After the first year of the study, the researchers immediately noticed a founder effect — the offspring of the original lizards plopped onto the islands in 2005 had less genetic variability than the Iron Cay lizards.

"There were also significant differences in hind-limb length among the islands, even though the lizards were all from same source population," Kolbe said. Since the founder effect is a random process independent of the environment, there was no pattern to the length of the lizards' hind limbs and apparently no relationship between limb length and perch diameter, he explained.

Over the next few years, however, a pattern did emerge for the lizards on the experimental islands. With each generation, their hind limbs got shorter, making them better suited for their environment. But the founder effect wasn't completely snuffed out: Lizard populations with the longest limbs in 2006 still had the longest limbs three years later.

“Both processes seem to be important here,” Kolbe said. "Original differences were created that were random, and then the environment decreased their mean hind-limb length."

Conservation implications

Andrew Hendry, an evolutionary biologist at McGill University in Quebec, who was not involved in the research, was impressed with the study and its findings. "There are very few experimental studies that have looked at these processes in nature," Hendry told LiveScience. "I would have done exactly the same study had I thought of it."

But, Hendry notes, "I'm not sure how much it informs us about real situations." The researchers set up an experiment where they would see the maximum effects of the evolutionary processes, which isn't always the case in real life, he said. Hendry is interested in seeing what would happen if more than two animals were used to create a founding population.

David Reznick, an evolutionary biologist at the University of California, Riverside, was intrigued that all of the experimental populations survived throughout the course of the study (on average, the populations actually grew 13-fold over the first two years, before leveling off). When a population only starts with a few individuals, there is always the risk of inbreeding, which decreases the fitness of the population and their ability to survive and reproduce, he said.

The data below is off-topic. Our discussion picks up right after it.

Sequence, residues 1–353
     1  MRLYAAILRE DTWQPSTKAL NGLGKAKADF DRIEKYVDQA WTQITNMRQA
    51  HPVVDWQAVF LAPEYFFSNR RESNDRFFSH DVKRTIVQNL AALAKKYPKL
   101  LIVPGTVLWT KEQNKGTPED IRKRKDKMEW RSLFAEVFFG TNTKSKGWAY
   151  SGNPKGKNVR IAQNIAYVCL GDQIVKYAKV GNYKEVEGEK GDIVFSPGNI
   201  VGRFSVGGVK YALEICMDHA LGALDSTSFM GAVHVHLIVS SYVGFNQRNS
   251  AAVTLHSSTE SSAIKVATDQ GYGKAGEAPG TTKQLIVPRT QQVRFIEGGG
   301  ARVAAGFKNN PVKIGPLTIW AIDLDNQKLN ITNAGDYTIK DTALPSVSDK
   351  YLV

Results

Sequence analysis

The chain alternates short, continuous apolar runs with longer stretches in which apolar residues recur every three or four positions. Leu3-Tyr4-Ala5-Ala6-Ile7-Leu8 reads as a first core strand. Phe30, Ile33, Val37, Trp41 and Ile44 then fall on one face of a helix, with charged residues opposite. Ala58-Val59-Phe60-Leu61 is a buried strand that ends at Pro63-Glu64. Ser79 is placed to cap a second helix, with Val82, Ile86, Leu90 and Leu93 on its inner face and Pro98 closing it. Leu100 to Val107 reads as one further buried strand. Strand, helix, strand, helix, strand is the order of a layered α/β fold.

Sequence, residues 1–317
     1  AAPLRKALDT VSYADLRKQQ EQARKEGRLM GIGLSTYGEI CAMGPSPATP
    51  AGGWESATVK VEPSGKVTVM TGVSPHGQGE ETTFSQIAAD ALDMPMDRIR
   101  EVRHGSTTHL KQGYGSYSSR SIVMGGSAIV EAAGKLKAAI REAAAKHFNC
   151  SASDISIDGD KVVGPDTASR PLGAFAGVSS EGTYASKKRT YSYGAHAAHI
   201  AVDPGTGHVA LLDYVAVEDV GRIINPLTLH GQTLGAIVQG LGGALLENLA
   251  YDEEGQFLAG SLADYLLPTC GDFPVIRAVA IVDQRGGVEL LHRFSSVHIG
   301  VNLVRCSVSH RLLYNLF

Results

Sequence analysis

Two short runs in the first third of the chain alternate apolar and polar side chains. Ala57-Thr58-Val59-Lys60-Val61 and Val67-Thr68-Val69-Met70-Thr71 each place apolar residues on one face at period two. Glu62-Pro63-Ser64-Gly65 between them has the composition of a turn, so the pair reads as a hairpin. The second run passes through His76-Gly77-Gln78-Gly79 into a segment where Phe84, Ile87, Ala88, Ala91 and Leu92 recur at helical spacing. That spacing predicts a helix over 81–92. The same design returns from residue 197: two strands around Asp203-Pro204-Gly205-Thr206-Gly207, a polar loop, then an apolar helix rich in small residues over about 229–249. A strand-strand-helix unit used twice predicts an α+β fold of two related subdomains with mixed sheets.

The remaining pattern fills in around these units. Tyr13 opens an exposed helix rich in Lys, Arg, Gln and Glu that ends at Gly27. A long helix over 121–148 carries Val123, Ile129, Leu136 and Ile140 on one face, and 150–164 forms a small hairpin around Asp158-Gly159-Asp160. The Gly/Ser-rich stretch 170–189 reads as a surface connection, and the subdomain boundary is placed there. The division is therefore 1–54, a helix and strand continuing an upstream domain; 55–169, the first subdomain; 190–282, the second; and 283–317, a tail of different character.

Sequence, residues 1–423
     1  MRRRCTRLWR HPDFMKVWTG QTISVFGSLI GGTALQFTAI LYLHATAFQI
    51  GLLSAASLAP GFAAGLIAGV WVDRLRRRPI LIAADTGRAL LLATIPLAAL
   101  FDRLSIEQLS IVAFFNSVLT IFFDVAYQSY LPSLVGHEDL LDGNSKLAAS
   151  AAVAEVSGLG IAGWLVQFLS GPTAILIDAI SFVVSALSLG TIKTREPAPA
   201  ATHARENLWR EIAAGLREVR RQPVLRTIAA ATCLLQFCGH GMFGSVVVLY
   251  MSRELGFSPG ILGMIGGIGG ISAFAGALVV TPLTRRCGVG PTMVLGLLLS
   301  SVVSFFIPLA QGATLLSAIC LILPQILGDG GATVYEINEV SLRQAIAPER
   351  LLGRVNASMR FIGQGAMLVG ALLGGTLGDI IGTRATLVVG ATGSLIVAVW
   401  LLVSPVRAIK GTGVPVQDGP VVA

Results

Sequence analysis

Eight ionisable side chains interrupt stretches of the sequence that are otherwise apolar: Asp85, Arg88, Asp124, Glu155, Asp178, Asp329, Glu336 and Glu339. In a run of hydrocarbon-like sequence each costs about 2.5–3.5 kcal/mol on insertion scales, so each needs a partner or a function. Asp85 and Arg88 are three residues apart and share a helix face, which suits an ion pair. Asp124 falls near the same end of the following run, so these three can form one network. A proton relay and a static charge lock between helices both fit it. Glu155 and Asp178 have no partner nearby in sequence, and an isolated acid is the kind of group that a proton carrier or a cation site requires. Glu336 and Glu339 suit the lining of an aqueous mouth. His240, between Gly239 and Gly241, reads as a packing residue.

If the lizard populations continue to grow, the study could have implications for conservation biology, which seeks to restore species on the brink of extinction.

"It would mean that a small number of founders is enough, so long as the populations grow well after they've been introduced," Reznick told LiveScience. "Restoring species and their habitats are important issues we are now confronting."

The study was published online today (Feb. 2) in the journal Science.

Joseph Castro
Live Science Contributor
Joseph Bennington-Castro is a Hawaii-based contributing writer for Live Science and He holds a master's degree in science journalism from New York University, and a bachelor's degree in physics from the University of Hawaii. His work covers all areas of science, from the quirky mating behaviors of different animals, to the drug and alcohol habits of ancient cultures, to new advances in solar cell technology. On a more personal note, Joseph has had a near-obsession with video games for as long as he can remember, and is probably playing a game at this very moment.